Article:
You know from the striking “a cappella” flamenco dance tableau which opens Musical Theatre West’s revival of Man Of La Mancha that you’re in for something special. Then again, with multi-award winners Davis Gaines, Lesli Margherita, and Justin Robertson in the starring roles, Nick DeGruccio directing with his accustomed brilliance and imagination, and choreographic whiz Carlos Mendoza in charge of dance numbers, musical theater aficionados could expect nothing less.
The Tony-winning Best Musical of 1966 (book by Dale Wasserman) recounts the classic Miguel de Cervantes tale of The Ingenious Gentleman Don Quixote Of La Mancha as Cervantes might have done so himself when imprisoned during the Spanish Inquisition, enlisting the aid of his fellow dungeon-mates to bring that windmill-tilter’s quest to dramatic theatrical life while awaiting trial by some rather pesky Inquistors.
Donning Quijote’s trademark gray mustache and goatee, Cervantes quickly transforms himself into the aged Alonso Quijana, whose unrelenting dreams of chivalry and incessant thoughts of the world’s injustices have driven him into a madness in which he see himself as a “knight-errant,” one whose mission in life is “to dream the impossible dream, to fight the unbeatable foe, to bear with unbearable sorrow, to run where the brave dare not go, to right the unrightable wrong, to be better far than you are, to try when your arms are too weary to reach the unreachable star.”
These are of course the lyrics to Man Of La Mancha’s Greatest Hit, “The Impossible Dream,” just one of the musical’s many memorable songs, with music by Mitch Leigh and lyrics by Joe Darion, brought to life on the stage of Cal State Long Beach’s Carpenter Performing Arts Center by an all-around sensational cast.
Gaines, best known for his over 2000 performances as The Phantom Of The Opera, is a memorable Man Of La Mancha indeed, giving us Señor Quijote in all his many shadings as he mistakenly battles a windmill he mistakes for a four-armed giant—just as he does a roadside inn for a castle and a serving wench as his lady fair. Vocally, too, Gaines couldn’t be better, lending his golden pipes to the title song, “Dulcinea,” “Golden Helmet Of Mabrino,” and of course the above-quoted “The Impossible Dream (The Quest).”
Alongside Gaines’ masterful lead performance is Robertson’s delightful work as loyal squire Sancho Panza, offering stalwart support (along with comic relief in Man Of La Mancha’s lighter moments, including “I Like Him” and “A Little Gossip.”)
Man Of La Mancha provides opportunities for some of our finest character actors to shine in featured and cameo roles. These include Richard Gould’s kindly innkeeper, Damon Kirsche’s commanding Dr. Carrasco, Jason Webb’s wise Padre, Steven Glaudini’s comic barber, and Karenssa LeGear’s distraught Antonia. Glaudini’s quirky coiffeur and his “Barber’s Song” are particular treats, with Webb’s exquisite tenor soaring in “To Each His Dulcinea (To Every Man His Quest).”
Doing fine work in smaller roles are Jebbel Arce, Venny Carranza, Jay Donnell, Brad Fitzgerald, Michael Guarnera, Christopher Hamby, Isaac James, Patrick Robert Kelly, Dynell Leigh, AJ Mendoza, Ramone Owens, Andre Polo, and Sam Zeller, the latter back to his commandingly burly self, and powerfully so, after his star turn last summer as Hairspray’s Edna Turnblad. Carranza and Guarnera make particularly memorable impressions as a pair of dancing steeds. (The horse-drawn carriage sequence is a brilliantly ingenious visual treat.)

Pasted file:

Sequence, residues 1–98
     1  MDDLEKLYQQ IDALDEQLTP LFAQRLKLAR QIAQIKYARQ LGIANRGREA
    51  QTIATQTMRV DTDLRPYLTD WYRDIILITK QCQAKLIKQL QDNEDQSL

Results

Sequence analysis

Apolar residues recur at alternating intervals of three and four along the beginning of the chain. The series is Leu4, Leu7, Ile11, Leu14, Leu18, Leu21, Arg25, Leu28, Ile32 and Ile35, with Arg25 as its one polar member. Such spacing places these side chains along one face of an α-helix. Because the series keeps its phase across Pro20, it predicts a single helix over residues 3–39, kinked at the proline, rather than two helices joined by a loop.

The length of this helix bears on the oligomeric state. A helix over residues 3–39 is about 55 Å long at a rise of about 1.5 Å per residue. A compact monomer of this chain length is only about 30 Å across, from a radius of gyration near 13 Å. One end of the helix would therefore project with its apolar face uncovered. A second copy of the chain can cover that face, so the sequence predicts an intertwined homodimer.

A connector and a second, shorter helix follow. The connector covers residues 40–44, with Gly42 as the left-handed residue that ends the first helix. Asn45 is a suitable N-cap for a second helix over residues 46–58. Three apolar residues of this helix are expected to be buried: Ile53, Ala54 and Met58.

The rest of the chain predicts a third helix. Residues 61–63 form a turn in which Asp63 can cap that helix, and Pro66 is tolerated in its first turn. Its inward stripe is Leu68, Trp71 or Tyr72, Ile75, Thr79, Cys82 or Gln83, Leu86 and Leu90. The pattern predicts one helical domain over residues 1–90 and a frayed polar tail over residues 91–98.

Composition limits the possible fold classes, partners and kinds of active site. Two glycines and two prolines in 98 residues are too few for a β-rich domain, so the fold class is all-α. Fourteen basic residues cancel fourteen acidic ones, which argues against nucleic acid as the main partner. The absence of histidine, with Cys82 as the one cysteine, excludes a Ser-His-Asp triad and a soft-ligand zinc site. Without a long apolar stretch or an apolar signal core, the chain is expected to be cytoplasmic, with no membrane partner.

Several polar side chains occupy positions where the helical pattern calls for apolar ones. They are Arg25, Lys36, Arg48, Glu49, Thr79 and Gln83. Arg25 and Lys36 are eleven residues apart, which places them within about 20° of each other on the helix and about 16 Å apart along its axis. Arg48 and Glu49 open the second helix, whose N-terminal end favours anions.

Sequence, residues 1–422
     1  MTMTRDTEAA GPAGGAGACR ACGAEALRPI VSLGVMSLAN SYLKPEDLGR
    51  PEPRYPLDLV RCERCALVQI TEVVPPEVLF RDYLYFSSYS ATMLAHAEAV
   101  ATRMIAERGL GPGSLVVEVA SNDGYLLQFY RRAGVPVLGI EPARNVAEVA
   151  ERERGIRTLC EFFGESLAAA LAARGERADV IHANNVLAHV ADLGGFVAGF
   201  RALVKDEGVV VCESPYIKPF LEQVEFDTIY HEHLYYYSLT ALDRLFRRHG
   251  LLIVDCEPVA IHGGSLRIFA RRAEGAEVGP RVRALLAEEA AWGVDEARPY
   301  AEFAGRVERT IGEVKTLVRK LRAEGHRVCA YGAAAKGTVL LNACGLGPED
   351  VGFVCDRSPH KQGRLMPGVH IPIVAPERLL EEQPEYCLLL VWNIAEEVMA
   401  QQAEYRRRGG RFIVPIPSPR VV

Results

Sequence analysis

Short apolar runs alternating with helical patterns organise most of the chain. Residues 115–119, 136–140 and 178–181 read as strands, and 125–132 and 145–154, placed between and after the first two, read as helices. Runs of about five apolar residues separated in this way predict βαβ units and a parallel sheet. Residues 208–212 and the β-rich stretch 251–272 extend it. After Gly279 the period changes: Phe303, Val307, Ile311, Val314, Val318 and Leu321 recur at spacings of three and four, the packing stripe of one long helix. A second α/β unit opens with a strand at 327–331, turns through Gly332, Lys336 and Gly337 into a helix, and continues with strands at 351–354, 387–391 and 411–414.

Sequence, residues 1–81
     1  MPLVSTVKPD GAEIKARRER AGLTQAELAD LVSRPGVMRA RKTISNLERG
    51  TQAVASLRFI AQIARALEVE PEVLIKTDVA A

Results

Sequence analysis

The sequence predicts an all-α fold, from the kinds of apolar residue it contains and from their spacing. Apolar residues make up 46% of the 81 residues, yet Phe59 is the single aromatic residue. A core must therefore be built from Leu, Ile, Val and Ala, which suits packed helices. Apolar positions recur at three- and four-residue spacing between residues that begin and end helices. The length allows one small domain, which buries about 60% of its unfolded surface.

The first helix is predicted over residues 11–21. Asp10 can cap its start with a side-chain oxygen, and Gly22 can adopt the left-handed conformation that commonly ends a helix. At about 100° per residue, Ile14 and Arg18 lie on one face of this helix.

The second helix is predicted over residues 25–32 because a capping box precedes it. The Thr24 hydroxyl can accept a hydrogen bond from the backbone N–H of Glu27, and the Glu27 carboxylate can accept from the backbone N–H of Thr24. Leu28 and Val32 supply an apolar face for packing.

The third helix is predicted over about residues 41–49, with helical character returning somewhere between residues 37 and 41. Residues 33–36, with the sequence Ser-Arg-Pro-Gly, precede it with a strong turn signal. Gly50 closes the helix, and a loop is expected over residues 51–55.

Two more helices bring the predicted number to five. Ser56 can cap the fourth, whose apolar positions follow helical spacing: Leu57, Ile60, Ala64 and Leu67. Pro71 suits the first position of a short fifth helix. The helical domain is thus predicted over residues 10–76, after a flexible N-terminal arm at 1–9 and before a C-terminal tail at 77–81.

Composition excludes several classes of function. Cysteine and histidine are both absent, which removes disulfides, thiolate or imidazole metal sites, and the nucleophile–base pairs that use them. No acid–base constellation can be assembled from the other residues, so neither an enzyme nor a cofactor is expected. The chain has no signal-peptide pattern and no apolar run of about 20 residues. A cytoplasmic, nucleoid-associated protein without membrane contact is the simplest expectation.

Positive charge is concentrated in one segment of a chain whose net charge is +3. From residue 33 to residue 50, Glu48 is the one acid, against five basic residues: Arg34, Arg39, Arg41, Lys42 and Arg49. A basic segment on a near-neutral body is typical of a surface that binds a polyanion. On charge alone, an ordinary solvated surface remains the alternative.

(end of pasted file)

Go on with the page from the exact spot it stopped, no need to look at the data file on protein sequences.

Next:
If one role (and performance) has remained unmentioned so far, it’s merely a case of saving the best for last. Simply put, Margherita’s work as Aldonza is so breathtaking that anyone else playing the role in future might as well give up now. You won’t top the Olivier-winning star’s charismatic, gutsy, seductive, voluptuous, vulnerable, heart-breaking, awe-inspiring Aldonza. Deepening her voice to a guttural growl, oozing sexuality through every pore, and singing “It’s All The Same” and “Aldonza” with gut-wrenching heart and soul, Margherita’s performance merits “Best Ever” status, just as did her Audrey in Little Shop Of Horrors last year. (And just how many actresses do you know who can play Aldonza and Audrey?)
Musical director Matthew Smedal gets his biggest MTW assignment yet, one he fulfills to melodious perfection, conducting the production’s big, Broadway-ready pit orchestra, with musician Gary Lee deserving his own cheers for his onstage guitar strumming.
MTW’s Man Of La Mancha shines visually as well, with Steven Young lighting Kevin Clowes formidable prison dungeon set to highly dramatic effect. Cathleen Edwards’ terrific costumes allow drably-garbed prisoners to transform themselves into the show’s various Don Quijote characters with considerable flair. Julie Ferrin’s sound design is once again impeccable. Kudos go too to costume coordinator Todd Proto, and wig designer Mark Travis Hoyer. Clowes is technical director, Stanley D. Cohen stage manager, and Mary Ritenhour assistant stage manager/production manager. Paul Garman is MTW’s Executive Director/Producer and Glaudini its Artistic Director.
If there’s anything to carp about, it’s that this Man Of La Mancha runs long, nearly an hour longer than the 2002 Broadway revival, a number of those minutes due to the spectacular (but time-consuming) means by which Inquisitors and prisoners exit and exit. A quarter-hour shorter would be better.
Still, Man Of La Mancha lovers can hardly complain about a production as brilliantly conceived and executed as this one. Transport MTW’s Man Of La Mancha lock, stock, and barrel to Broadway and New York audiences would applaud every bit as loudly and critics rave every bit as enthusiastically as L.A. theatergoers and reviewers will likely be doing throughout its three-week run in Long Beach.
Richard And Karen Carpenter Performing Arts Center, 6200 Atherton St., Long Beach.
February 11, 2012
Photos: Ken Jacques